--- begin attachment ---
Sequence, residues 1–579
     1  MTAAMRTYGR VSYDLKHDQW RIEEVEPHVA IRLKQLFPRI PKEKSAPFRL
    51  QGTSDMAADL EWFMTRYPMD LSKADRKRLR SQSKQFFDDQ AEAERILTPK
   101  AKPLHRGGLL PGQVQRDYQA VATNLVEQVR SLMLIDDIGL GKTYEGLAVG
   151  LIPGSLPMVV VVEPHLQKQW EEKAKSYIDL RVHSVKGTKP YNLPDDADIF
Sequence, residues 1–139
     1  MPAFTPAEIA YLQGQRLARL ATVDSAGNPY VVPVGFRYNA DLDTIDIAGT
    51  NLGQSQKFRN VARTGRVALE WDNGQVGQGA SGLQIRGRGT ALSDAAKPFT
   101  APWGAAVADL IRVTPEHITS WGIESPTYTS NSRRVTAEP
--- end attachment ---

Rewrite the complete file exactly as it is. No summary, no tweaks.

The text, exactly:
Sequence, residues 1–579
     1  MTAAMRTYGR VSYDLKHDQW RIEEVEPHVA IRLKQLFPRI PKEKSAPFRL
    51  QGTSDMAADL EWFMTRYPMD LSKADRKRLR SQSKQFFDDQ AEAERILTPK
   101  AKPLHRGGLL PGQVQRDYQA VATNLVEQVR SLMLIDDIGL GKTYEGLAVG
   151  LIPGSLPMVV VVEPHLQKQW EEKAKSYIDL RVHSVKGTKP YNLPDDADIF
Sequence, residues 1–139
     1  MPAFTPAEIA YLQGQRLARL ATVDSAGNPY VVPVGFRYNA DLDTIDIAGT
    51  NLGQSQKFRN VARTGRVALE WDNGQVGQGA SGLQIRGRGT ALSDAAKPFT
   101  APWGAAVADL IRVTPEHITS WGIESPTYTS NSRRVTAEP